Many educators and relatives told me I’d never be a Hemmingway. After I read that writer’s biography about his personal issues and suicide, I was glad that I’d never be him because I have a zest and zeal for life. Maybe, that is why I never embellished my stories on how to swat a fly. My true problem included NOT using my voice; I wrote mechanically.
After my mother died, with drive and great passion, I wrote her miraculous story. Then, I wrote another inspirational tale and another motivational saga while using my real life as a backdrop. Soon, people asked me to ghostwrite their encouraging accounts. As a teen, I stood in the school library admiring the classics and those able to string a few sentences into life changing books. I’d finally made it my way to that group of authors that I most admired.
After some more life changing events, I went back to school. In fact, I became a reading teacher helping high school students believe in themselves and try to really read instead of going through the motions. They had no real disabilities- except that early on- they disengaged from their education; I needed to spark their motivation. As their mentor, I’d repeat, “Your past explains why you have problems but the past is NOT an excuse to continue failing at your education. Reading is your ticket to success it’s the root of all other subject matter.”
As a result of compassionately relating to their life’s plagues, while not allowing those experiences to become their failure mechanisms, many of my students went on to college or vocational schools. Even year later, they e-mail me updates of their successes; if I see them locally, they greet me with a hug and their great news about their current endeavors.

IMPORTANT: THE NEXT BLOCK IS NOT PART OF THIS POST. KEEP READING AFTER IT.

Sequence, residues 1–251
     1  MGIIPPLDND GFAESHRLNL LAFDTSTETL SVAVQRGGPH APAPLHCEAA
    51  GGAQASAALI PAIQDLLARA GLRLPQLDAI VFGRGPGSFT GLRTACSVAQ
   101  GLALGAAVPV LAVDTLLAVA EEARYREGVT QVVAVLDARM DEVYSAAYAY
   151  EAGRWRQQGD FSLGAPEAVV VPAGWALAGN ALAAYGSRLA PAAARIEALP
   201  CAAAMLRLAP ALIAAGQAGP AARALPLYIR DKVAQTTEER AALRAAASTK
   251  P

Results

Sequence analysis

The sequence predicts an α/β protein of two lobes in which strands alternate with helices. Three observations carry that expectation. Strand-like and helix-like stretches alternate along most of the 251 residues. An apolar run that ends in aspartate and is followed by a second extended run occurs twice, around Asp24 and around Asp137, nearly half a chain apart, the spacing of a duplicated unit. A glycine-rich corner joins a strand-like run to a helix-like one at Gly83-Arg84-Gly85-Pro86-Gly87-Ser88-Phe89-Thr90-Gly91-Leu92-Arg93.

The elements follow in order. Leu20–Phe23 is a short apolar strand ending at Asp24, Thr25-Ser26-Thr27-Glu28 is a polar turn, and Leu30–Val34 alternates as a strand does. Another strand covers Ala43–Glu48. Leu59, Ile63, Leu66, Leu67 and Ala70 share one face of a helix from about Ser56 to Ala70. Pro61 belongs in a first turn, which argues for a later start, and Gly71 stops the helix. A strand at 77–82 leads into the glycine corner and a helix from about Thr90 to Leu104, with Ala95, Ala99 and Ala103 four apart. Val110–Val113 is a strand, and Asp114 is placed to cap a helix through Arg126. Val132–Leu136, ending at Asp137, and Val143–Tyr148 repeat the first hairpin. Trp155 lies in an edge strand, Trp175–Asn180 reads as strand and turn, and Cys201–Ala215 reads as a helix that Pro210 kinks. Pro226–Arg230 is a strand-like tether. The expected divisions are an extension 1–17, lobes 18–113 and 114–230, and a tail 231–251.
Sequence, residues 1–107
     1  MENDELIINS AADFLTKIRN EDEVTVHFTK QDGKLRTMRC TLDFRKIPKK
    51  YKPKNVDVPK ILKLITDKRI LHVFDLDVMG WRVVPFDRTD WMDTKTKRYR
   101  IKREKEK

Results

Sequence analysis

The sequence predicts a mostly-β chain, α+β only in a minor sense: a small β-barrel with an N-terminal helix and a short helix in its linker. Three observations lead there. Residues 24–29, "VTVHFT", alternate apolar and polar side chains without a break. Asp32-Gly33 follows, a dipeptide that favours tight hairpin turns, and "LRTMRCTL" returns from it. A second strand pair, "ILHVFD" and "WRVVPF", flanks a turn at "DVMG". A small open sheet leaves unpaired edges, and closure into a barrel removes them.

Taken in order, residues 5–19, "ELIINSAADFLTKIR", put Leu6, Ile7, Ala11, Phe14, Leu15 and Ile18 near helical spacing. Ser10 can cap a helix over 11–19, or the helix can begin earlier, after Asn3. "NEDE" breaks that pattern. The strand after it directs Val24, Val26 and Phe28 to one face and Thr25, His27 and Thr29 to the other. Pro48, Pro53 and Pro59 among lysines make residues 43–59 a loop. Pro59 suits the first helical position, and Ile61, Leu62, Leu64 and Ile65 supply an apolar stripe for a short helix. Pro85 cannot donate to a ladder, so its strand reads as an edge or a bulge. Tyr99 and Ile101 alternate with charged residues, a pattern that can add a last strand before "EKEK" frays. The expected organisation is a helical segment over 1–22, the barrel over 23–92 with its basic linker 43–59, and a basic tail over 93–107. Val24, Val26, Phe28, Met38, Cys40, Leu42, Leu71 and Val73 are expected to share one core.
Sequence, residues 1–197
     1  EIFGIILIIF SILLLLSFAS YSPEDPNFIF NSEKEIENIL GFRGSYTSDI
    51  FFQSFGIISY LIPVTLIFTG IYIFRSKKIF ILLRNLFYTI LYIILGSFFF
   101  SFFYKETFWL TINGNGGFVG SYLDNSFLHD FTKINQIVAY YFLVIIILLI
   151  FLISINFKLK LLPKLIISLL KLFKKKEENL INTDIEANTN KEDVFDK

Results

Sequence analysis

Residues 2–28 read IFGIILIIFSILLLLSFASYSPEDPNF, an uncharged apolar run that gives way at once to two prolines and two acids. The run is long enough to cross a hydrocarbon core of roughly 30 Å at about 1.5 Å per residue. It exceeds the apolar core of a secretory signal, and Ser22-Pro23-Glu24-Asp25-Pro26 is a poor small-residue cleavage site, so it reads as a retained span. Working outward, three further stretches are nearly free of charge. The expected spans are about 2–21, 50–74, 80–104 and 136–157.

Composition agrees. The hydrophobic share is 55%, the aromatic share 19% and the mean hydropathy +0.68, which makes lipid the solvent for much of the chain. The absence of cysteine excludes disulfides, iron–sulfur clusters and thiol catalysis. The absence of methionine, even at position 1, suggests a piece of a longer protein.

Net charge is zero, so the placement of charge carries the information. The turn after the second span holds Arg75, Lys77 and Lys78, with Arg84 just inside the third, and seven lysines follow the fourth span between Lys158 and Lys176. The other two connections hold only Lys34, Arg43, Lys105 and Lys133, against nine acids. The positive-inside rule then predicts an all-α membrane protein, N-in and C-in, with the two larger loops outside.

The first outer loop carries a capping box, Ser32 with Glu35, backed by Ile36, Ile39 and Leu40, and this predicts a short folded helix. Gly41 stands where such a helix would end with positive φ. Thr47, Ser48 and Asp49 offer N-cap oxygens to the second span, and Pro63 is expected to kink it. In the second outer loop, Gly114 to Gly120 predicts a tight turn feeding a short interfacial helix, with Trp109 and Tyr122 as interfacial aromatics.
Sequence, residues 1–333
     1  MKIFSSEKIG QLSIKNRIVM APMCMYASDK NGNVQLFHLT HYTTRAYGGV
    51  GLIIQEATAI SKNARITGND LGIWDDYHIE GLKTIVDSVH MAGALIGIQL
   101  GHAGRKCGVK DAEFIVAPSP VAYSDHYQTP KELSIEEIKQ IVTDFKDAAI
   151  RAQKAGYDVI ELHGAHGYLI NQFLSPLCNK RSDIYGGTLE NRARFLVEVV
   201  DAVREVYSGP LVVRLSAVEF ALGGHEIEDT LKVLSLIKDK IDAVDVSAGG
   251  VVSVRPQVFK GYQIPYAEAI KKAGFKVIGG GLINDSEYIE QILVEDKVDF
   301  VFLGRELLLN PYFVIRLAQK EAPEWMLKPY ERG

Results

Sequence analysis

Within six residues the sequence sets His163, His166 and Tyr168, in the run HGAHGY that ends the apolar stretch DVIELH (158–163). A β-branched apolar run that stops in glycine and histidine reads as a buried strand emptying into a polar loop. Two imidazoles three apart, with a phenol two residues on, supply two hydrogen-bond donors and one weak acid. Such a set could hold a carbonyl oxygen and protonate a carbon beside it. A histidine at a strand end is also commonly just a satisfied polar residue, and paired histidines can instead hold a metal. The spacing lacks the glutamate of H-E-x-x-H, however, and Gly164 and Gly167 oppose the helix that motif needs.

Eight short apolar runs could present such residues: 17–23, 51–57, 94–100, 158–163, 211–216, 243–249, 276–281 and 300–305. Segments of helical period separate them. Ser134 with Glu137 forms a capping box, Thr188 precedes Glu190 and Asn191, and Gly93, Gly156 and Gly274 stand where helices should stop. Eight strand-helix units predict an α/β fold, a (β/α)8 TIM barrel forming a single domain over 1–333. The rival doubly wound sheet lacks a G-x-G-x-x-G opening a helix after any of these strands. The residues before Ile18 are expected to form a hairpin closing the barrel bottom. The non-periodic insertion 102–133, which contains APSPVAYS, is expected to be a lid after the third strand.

Due to personal issues including my health, my career path changed- again, I went back to my hobby- writing. I’m like the energizer bunny; I just keep going and going.
In my lifetime, I’ve learned that for success, the first step is REALLY wanting it. The next step is ignoring the critics while latching onto those genuinely involved in showing you the path to triumph and victory. Your mentors or heroes can help you achieve. In short, don’t go with the flow and excuses- go with your heart that produces beyond expectations when given a chance.
Years ago, I wrote that essay for a “be inspired” anthology entitled You Don’t Know My Story. To my surprise, it was placed as the number one story in that book. More importantly, it inspired my novel The Vision, which is loosely based on my reality. Some other books that I wrote come to mind while reading my essay including but not limited to Mom’s on the Roof and I Can’t Get Her Down, Surreal- the Hell in the Family, and Race Against Time. Find all my print and eBooks via the links provided.
Twitter: www.Twitter.com/hanson8046 or @hanson8046
Facebook Author Page: www.facebook.com/#!/pages/Cynthia-Meyers-Hanson/127257870690610
Personal Facebook Page: www.facebook.com/#!/meyershanson
Here’s a look at the book inspired by Cindy’s experiences:
Once upon a time, Helen was born legally blind and unable to find a bench- let alone navigate life. HOWEVER, she’d tell you, “I’m no Helen Keller! At just about the same age that that girl lost her vision and hearing- my eyes started enjoying sight.” It’s NOT like the movies depict! You don’t just wake up form ‘landmark eye surgery’ and see clearly. It takes healing, eye exercises to help two eyes work in unison, glasses, and great tenacity to survive- especially in the 1950-60s school system that was NOT equipped to handle ‘special needs.’ Compounding the girl’s personal struggles, her dad suffers bipolar disorder wreaking havoc on her family life? Will she break the dysfunctional chains? In spite of all her issues, this girl finds ways to rise to any occasion by stooping to honor other BEINGS- especially her image of God. What is THE VISION that sustains her? Do her thoughts keep her sane, or is this lady lost in her own imagination? Does she ever succeed in life?
Thanks for reading.